This survey presents the results of a national survey of 1,000+ registered voters on federal energy budget issues. The study was conducted April 8 - 14, 1998. The margin of error for samples of this size is +/-3.0 percent at the 95% level of confidence (i.e., in 95 out of 100 samples of this type, the sample value is within +/-3.0 percentage points of the population value).
The three questions summarized here address:
Sustainable Energy Funding Pending Ratification of the Kyoto Treaty:
Respondents were asked whether Congress should increase funding now for renewable energy and energy efficiency programs in order to curb greenhouse gas emissions from the burning of fossil fuels whether or not the United States Senate ratifies the proposed international global climate change treaty recently negotiated in Kyoto, Japan. Almost one-half of respondents (49%) say Congress should increase funding for sustainable energy programs now, whether or not the United States ratifies this proposed treaty while a little more than a third (37%) of respondents say we should not increase federal support for these programs until the United States ratifies the proposed treaty.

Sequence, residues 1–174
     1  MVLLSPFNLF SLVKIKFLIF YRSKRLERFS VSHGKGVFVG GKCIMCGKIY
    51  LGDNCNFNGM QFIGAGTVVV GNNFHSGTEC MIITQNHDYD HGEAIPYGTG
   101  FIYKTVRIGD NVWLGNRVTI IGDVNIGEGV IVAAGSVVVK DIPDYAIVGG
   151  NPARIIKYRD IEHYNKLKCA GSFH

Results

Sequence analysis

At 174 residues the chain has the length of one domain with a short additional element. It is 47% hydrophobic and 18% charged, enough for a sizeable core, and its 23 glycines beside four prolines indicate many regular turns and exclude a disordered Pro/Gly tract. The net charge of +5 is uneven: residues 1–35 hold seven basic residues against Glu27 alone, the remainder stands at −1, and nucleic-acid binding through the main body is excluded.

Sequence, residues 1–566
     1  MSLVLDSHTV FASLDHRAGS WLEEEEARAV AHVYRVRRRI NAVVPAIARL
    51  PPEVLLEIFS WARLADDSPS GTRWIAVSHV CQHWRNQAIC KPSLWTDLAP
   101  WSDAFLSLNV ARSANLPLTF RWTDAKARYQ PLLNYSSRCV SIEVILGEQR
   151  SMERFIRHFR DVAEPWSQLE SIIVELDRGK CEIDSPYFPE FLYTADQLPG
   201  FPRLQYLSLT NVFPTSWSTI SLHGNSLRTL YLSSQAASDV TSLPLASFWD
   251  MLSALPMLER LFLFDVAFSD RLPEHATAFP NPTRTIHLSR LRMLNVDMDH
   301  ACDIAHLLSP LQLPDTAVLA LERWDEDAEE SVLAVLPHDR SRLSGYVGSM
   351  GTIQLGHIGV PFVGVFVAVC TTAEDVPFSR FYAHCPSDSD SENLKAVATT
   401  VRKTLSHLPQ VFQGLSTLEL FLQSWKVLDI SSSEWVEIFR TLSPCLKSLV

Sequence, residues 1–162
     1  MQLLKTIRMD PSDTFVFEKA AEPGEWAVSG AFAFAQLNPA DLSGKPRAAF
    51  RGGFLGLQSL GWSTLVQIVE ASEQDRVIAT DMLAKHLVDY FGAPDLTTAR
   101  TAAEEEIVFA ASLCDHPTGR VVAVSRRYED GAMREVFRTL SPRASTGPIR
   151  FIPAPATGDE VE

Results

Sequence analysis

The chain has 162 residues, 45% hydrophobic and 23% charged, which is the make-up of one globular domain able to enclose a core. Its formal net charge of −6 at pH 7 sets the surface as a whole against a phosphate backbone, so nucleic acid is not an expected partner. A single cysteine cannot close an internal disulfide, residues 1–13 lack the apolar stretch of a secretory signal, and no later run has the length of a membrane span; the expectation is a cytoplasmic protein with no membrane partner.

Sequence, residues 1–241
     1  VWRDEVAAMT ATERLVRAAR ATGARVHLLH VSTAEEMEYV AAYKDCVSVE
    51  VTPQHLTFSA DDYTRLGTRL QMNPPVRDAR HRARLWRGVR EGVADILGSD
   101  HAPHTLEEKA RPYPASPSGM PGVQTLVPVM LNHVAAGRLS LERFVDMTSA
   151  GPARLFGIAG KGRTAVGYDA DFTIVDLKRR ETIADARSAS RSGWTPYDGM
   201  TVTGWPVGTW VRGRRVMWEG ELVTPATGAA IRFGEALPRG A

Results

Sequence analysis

Almost 14% of the respondents did not offer an opinion on this question. Among those proffering a choice, 57% say that the United States should increase support for sustainable energy programs now while only 43% say we should wait pending ratification of the proposed treaty. Sentiment in favor of increased support for sustainable energy programs is particularly strong among those Independents (61%) and Democrats (60%) who expressed an opinion. Among Republicans, opinion is evenly split among those supporting increased support now (50%) and those who would not until a treaty is ratified (50%).
This question was not asked in earlier surveys conducted by the Sustainable Energy Coalition. However, in surveys conducted for the Sustainable Energy Coalition by R/S/M in November 1996 and December 1995, voters were asked how serious they thought the threat of global climate change was from burning fossil fuels such as coal, oil, and gasoline. In both of those earlier surveys, over 70% of voters said they viewed global climate change as either a very serious or somewhat serious threat. Furthermore, in response to a question in the November 1996 survey, 55% of respondents offering an opinion said they were either strongly or somewhat in favor of signing an international treaty to set a legally binding deadline for reducing greenhouse gas emissions.
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